Sometimes, you can go home again—or, at least, return to an adopted state you grew to love. When I left Delaware seven years ago, I really wasn’t expecting to come back, though I’d had a great time working at The News Journal and living in Old New Castle. But a job at Baltimore magazine as a senior editor lured me away, as well as a chance to reconnect with my hometown. I had no idea, though, how drastically my life would change.
At the time, I was a happily single woman, excited to enter the world of magazines, meet new people and find old friends. All was well for many months until a beautiful summer day when my life came to a screeching halt. I was diagnosed with breast cancer. Once my doctor assured me that, yes, I would die someday but probably not from that, I did what I needed to do, including many rounds of chemo. I continued to work and heal.
As I celebrate being cancer free for five years this month, I’m delighted with my good fortune in becoming the executive editor at Delaware Today and its sister publication, Main Line Today. But it wasn’t the position or recovery that brought me back across the state line. Along the way, I met a Delaware guy in Baltimore.
We married last year, bought a house in New Castle County since he is a teacher here and continued our lives with his 12-year-old son, while I commuted to Baltimore, not knowing that life once again was going to send me in a different direction—here. My new job has brought me full circle as I get to work with a team of talented writers and editors I’ve admired for years.
In our September issue, staff writer Mark Nardone delves into the local arts scene, giving a shout out to several movers and shakers who are bringing attention to Delaware, while managing editor Drew Ostroski looks at boxing promoter Dave Tiberi and a promising top welterweight.
Our beach guide will remind readers that there is plenty to do at the coastal towns in the fall—from restorative spa days and new restaurants to quaint B&B overnights. We also take a peek inside the much-talked-about Dogfish Inn and Hyatt Place Dewey Beach.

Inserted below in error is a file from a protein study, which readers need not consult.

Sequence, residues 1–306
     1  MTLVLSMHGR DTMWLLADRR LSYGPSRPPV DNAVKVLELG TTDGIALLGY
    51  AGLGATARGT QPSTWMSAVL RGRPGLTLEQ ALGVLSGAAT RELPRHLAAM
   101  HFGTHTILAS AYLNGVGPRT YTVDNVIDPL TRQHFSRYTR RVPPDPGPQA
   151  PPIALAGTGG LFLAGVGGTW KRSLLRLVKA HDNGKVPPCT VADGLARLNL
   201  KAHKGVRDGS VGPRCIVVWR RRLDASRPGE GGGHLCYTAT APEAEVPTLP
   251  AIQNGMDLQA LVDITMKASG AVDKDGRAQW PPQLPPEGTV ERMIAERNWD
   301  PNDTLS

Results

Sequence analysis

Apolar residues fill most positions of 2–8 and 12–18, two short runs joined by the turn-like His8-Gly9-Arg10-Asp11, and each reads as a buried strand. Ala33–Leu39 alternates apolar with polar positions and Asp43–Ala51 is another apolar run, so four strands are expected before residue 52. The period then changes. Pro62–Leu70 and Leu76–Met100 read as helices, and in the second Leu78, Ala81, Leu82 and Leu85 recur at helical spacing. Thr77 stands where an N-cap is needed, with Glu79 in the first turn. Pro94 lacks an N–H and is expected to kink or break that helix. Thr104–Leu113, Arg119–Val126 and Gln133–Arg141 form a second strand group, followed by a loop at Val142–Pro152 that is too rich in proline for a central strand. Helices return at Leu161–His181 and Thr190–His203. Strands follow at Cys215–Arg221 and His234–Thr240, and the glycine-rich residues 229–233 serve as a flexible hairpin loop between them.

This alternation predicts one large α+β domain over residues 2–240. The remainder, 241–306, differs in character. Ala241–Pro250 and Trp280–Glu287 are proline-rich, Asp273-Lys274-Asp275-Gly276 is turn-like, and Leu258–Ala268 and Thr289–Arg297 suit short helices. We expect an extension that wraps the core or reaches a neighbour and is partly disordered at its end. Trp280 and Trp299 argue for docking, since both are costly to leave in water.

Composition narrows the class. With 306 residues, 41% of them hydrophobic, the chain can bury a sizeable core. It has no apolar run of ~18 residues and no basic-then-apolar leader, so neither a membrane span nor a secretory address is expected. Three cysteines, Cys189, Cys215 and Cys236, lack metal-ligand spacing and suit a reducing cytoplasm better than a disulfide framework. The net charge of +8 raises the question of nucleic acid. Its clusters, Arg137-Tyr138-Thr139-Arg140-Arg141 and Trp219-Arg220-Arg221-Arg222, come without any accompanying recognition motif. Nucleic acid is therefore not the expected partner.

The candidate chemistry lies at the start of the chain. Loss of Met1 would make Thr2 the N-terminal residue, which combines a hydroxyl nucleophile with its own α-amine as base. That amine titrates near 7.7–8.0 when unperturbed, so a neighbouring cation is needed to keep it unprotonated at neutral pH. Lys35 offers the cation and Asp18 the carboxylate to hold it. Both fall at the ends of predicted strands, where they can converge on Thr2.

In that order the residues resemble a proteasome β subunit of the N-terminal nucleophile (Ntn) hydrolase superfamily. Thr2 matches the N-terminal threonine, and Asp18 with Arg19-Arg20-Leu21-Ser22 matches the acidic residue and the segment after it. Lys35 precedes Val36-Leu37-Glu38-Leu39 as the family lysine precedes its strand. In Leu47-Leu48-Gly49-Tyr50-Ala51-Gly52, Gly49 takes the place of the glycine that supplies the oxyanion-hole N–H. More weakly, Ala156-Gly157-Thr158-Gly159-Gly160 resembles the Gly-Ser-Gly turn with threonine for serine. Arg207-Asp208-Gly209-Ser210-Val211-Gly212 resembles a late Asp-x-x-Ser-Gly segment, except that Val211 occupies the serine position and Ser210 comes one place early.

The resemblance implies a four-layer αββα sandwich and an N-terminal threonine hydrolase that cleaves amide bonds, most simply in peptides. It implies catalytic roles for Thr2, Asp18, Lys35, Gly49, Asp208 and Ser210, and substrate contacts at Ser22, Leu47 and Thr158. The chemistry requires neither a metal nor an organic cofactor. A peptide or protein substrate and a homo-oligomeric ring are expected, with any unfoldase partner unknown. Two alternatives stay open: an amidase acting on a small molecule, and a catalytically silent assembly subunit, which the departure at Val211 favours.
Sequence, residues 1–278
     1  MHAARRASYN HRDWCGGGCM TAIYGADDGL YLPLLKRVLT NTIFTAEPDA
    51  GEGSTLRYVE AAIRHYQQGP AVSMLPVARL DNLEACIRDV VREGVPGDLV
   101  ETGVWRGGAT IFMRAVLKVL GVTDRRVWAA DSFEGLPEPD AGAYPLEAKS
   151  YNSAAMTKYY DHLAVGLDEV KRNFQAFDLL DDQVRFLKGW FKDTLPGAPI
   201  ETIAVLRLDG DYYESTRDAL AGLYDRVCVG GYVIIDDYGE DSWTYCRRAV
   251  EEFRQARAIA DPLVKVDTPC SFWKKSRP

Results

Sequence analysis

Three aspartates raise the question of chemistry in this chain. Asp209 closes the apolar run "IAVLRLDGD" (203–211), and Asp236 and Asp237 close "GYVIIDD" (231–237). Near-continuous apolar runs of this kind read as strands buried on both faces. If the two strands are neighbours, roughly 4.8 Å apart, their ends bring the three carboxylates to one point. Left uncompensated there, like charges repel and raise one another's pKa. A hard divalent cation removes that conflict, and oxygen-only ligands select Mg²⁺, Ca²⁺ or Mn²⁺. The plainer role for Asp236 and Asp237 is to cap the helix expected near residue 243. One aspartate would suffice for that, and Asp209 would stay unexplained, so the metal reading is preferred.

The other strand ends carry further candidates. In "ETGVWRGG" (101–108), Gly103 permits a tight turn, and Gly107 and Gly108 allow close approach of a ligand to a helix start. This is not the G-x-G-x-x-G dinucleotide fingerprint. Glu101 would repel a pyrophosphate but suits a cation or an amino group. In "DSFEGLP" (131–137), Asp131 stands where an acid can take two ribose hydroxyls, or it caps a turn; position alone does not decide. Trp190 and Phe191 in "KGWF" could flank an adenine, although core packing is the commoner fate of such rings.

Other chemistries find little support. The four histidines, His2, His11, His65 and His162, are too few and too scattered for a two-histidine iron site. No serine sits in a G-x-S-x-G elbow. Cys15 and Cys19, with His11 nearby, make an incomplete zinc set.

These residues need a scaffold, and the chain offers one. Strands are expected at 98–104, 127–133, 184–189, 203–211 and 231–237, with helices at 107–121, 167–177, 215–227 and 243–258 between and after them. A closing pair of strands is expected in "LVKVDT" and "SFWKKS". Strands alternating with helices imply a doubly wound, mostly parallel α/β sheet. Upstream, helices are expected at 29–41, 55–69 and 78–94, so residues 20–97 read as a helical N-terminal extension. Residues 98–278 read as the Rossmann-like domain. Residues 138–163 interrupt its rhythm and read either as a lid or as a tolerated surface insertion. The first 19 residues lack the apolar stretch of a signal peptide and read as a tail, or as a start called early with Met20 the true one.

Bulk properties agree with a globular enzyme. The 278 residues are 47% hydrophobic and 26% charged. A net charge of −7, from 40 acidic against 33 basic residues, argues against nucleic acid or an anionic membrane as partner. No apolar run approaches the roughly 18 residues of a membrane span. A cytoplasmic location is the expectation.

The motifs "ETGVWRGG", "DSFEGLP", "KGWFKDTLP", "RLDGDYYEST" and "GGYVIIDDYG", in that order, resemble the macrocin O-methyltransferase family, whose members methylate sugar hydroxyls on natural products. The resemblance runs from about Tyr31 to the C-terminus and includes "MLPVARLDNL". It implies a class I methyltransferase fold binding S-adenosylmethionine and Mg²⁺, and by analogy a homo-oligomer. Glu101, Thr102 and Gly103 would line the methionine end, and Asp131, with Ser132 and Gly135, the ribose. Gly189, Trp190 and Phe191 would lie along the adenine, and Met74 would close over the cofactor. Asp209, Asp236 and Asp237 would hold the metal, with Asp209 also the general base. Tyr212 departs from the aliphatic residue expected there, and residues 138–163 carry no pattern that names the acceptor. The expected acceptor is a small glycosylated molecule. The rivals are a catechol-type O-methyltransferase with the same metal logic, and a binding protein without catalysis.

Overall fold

And as the boys of summer—OK, maybe not our boys—gear up for the post-season playoffs, we revisit the historic collapse of the 1964 Phillies on its 50th anniversary. Lewes native and pitcher Chris Short was on the team that crumbled.
One of the things I’ve enjoyed most about reacquainting myself with the state is visiting old haunts. Brandywine Zoo may not have all the bells and whistles of bigger attractions, but it’s a tiny gem, waiting to be discovered. With the recent addition of the two adorable red pandas, we sent photographer Jared Castaldi to get some up-close-and-personal shots of the animals. He shared that the “sloth was friendly, the tiger not so much.” He persevered. You’ll be captivated by his photos.
Over the next months, I’m looking forward to adding my imprint to the magazine. I arrived just in time to help with last month’s crab-cake feature, a fitting entrée for someone who grew up eating steamed crabs in my family’s backyard and then picking the remains for the prized patties. (Every self-respecting Marylander has a crab-cake recipe!)
Now, it’s time to make new memories. Change can be good.